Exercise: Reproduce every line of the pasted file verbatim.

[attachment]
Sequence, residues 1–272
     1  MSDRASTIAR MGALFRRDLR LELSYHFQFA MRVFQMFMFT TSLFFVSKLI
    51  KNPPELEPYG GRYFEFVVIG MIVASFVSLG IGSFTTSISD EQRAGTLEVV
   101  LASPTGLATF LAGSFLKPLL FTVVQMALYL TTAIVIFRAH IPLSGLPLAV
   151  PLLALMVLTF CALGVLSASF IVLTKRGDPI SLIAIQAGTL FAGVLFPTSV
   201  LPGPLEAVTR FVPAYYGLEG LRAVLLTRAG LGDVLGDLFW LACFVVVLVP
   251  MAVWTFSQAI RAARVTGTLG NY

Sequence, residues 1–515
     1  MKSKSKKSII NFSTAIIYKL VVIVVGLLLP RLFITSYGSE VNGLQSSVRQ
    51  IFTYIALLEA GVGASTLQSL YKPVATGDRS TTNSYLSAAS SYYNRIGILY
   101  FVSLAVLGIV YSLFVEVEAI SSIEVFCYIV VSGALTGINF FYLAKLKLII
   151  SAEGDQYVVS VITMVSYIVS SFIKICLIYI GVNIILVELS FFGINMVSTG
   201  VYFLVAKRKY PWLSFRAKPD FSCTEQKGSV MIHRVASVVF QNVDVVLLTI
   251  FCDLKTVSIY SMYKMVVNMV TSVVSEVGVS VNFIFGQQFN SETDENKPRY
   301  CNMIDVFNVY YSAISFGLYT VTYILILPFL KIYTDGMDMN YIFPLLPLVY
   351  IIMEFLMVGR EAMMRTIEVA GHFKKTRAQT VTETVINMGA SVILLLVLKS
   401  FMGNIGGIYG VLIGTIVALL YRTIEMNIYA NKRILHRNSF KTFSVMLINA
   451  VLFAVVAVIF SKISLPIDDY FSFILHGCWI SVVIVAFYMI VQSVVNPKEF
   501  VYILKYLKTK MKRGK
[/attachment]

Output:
Sequence, residues 1–272
     1  MSDRASTIAR MGALFRRDLR LELSYHFQFA MRVFQMFMFT TSLFFVSKLI
    51  KNPPELEPYG GRYFEFVVIG MIVASFVSLG IGSFTTSISD EQRAGTLEVV
   101  LASPTGLATF LAGSFLKPLL FTVVQMALYL TTAIVIFRAH IPLSGLPLAV
   151  PLLALMVLTF CALGVLSASF IVLTKRGDPI SLIAIQAGTL FAGVLFPTSV
   201  LPGPLEAVTR FVPAYYGLEG LRAVLLTRAG LGDVLGDLFW LACFVVVLVP
   251  MAVWTFSQAI RAARVTGTLG NY

Sequence, residues 1–515
     1  MKSKSKKSII NFSTAIIYKL VVIVVGLLLP RLFITSYGSE VNGLQSSVRQ
    51  IFTYIALLEA GVGASTLQSL YKPVATGDRS TTNSYLSAAS SYYNRIGILY
   101  FVSLAVLGIV YSLFVEVEAI SSIEVFCYIV VSGALTGINF FYLAKLKLII
   151  SAEGDQYVVS VITMVSYIVS SFIKICLIYI GVNIILVELS FFGINMVSTG
   201  VYFLVAKRKY PWLSFRAKPD FSCTEQKGSV MIHRVASVVF QNVDVVLLTI
   251  FCDLKTVSIY SMYKMVVNMV TSVVSEVGVS VNFIFGQQFN SETDENKPRY
   301  CNMIDVFNVY YSAISFGLYT VTYILILPFL KIYTDGMDMN YIFPLLPLVY
   351  IIMEFLMVGR EAMMRTIEVA GHFKKTRAQT VTETVINMGA SVILLLVLKS
   401  FMGNIGGIYG VLIGTIVALL YRTIEMNIYA NKRILHRNSF KTFSVMLINA
   451  VLFAVVAVIF SKISLPIDDY FSFILHGCWI SVVIVAFYMI VQSVVNPKEF
   501  VYILKYLKTK MKRGK